It does not seem that Israel is making any effort at all to limit civilian casualties. That’s the inescapable conclusion I’ve reached after reading report after report speaking of bombs hitting the places where Gaza residents have fled in a vain attempt to avoid being killed.
In the small hours of this morning, the AP reports:
Witnesses and United Nations officials say Israeli shells have struck the U.N. headquarters in the Gaza Strip.
The compound has been serving as a shelter for hundreds of people fleeing Israel’s devastating offensive in Gaza. U.N. spokesman Chris Gunness says at least three people were wounded.
The entire area is engulfed in smoke and it’s not clear whether anyone is still inside the compound.
The compound includes the headquarters of the U.N. agency for Palestinian refugees, a school and other offices. Gunness says large amounts of aid supplies, as well as fuel trucks, could soon be destroyed.
Israeli tanks shelled downtown Gaza City on Thursday and ground troops thrust deep into a crowded neighborhood for the first time, sending terrified residents fleeing for cover and increasing pressure on Hamas rulers to accept a proposed cease-fire to end Israel’s devastating offensive.
Gideon Levy, a Haaretz correspondent in Israel, is not impressed by his country’s protestations that Hamas hides amongst the civilians, and thus bears responsibility for so many deaths. He places the blame squarely back in Israel’s hands (h/t):
The fighting in Gaza is “war deluxe.” Compared with previous wars, it is child’s play – pilots bombing unimpeded as if on practice runs, tank and artillery soldiers shelling houses and civilians from their armored vehicles, combat engineering troops destroying entire streets in their ominous protected vehicles without facing serious opposition. A large, broad army is fighting against a helpless population and a weak, ragged organization that has fled the conflict zones and is barely putting up a fight. All this must be said openly, before we begin exulting in our heroism and victory.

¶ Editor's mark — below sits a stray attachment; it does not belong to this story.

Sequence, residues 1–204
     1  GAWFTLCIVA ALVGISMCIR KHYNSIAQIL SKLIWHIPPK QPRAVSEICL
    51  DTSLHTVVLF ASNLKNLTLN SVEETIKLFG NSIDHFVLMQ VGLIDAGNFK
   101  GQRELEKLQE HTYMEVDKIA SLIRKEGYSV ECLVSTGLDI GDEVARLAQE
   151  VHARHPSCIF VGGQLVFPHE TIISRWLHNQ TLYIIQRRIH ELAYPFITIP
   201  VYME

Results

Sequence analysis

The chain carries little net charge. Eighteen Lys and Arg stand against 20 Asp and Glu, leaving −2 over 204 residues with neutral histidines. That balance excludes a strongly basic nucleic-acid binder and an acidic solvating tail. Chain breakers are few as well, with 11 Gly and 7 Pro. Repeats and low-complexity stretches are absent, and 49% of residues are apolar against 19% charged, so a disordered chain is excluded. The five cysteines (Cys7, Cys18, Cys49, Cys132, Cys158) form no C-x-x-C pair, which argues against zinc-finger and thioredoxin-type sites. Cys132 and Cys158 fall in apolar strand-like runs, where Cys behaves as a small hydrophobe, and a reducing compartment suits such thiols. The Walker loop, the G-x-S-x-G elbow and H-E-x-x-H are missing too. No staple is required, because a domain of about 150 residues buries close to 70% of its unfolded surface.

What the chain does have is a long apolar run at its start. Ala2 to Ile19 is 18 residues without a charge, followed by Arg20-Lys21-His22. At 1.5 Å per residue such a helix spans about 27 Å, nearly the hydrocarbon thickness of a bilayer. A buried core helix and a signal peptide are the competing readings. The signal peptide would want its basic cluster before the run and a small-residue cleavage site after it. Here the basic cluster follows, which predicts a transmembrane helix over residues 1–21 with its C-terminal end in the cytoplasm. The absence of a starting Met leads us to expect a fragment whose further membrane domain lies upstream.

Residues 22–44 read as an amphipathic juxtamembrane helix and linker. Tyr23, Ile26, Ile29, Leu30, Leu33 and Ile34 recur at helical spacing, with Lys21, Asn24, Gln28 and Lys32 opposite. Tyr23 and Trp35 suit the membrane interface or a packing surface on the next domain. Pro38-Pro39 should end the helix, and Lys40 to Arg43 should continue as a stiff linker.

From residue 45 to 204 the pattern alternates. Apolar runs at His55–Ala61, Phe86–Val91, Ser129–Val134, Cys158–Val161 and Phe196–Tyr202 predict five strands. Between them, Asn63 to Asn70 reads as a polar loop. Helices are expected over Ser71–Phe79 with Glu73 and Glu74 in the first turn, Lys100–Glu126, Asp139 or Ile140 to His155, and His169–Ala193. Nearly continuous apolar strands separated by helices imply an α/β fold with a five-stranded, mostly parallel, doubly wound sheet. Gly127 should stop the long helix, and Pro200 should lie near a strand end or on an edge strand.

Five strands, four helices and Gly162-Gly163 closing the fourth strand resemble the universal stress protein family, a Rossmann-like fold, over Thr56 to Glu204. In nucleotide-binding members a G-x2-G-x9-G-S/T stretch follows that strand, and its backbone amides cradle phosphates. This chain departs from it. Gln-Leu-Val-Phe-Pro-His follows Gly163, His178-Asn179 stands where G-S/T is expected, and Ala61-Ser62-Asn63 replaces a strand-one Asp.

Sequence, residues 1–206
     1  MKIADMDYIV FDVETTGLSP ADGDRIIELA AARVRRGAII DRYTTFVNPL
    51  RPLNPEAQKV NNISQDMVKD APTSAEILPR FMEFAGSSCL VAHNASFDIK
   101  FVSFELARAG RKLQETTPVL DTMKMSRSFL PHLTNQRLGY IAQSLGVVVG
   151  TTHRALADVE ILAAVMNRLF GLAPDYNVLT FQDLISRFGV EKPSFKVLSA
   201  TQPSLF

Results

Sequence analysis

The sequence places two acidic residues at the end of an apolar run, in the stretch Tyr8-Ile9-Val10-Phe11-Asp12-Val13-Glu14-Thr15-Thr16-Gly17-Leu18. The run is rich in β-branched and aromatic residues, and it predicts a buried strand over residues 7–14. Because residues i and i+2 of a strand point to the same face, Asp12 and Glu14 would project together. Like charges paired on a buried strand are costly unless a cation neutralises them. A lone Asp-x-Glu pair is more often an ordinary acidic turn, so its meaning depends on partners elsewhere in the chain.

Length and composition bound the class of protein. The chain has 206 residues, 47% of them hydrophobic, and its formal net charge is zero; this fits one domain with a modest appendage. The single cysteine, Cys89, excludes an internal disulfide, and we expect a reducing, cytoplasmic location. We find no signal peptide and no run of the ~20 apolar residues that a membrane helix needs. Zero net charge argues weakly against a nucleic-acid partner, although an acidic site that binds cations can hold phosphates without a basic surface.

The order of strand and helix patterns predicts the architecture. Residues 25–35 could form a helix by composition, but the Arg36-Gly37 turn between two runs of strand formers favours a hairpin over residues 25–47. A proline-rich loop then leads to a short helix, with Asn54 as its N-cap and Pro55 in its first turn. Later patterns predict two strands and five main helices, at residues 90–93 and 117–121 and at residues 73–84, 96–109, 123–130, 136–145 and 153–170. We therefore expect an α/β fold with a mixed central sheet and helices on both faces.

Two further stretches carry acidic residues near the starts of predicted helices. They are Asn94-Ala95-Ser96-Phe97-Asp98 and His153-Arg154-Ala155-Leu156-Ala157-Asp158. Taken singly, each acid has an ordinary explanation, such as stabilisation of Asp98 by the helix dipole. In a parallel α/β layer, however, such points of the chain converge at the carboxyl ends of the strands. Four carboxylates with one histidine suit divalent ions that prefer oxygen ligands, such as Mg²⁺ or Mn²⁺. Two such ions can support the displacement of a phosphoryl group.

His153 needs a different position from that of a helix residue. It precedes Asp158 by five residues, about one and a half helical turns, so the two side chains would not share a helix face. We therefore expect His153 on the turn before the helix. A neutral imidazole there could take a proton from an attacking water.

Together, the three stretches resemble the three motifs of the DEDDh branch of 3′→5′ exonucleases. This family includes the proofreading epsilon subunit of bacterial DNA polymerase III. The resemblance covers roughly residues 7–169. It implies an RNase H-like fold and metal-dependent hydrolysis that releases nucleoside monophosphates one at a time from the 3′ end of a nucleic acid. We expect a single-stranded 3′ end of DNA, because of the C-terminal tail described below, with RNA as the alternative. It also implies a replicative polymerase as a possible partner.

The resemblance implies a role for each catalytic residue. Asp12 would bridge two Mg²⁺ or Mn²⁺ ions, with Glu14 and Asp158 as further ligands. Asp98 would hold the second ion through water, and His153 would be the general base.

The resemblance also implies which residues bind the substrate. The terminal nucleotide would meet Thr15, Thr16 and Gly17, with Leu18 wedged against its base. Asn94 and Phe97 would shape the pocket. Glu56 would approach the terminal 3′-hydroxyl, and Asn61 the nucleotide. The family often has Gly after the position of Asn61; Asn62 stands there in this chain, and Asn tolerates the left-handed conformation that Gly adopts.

This war is also child’s play because of its victims. About a third of those killed in Gaza have been children – 311, according to the Palestinian Health Ministry, 270 according to the B’Tselem human rights group – out of the 1,000 total killed as of Wednesday. Around 1,550 of the 4,500 wounded have also been children according to figures from the UN, which says the number of children killed has tripled since the ground operation began.
One can say Hamas hides among the civilian population, as if the Defense Ministry in Tel Aviv is not located in the heart of a civilian population, as if there are places in Gaza that are not in the heart of a civilian population. One can also claim that Hamas uses children as human shields, as if in the past our own organizations fighting to establish a country did not recruit children.
A significant majority of the children killed in Gaza did not die because they were used as human shields or because they worked for Hamas. They were killed because the IDF bombed, shelled or fired at them, their families or their apartment buildings. That is why the blood of Gaza’s children is on our hands, not on Hamas’ hands, and we will never be able to escape that responsibility.
It might be instructive, at this moment, to take a step back and see what led to this. When we look more closely, Hamas doesn’t emerge as the wholly-evil terrorists that Israel and the U.S. would have us believe them to be. In fact, the U.S. can’t escape responsibility for the atrocities visited upon the Palestinians any more than Israel can. Our hands are just as bloody (h/t):
Hamas never called for the elections that put them in power. That was the brainstorm of Secretary Rice and her staff, who had apparently decided they could steer Palestinians into supporting the more-compliant Mahmoud Abbas (the current president of the Palestinian authority) and his Fatah Party through a marketing campaign that was to counter Hamas’s growing popularity – all while ignoring continued Israeli settlement construction, land confiscation, and cantonization of the West Bank.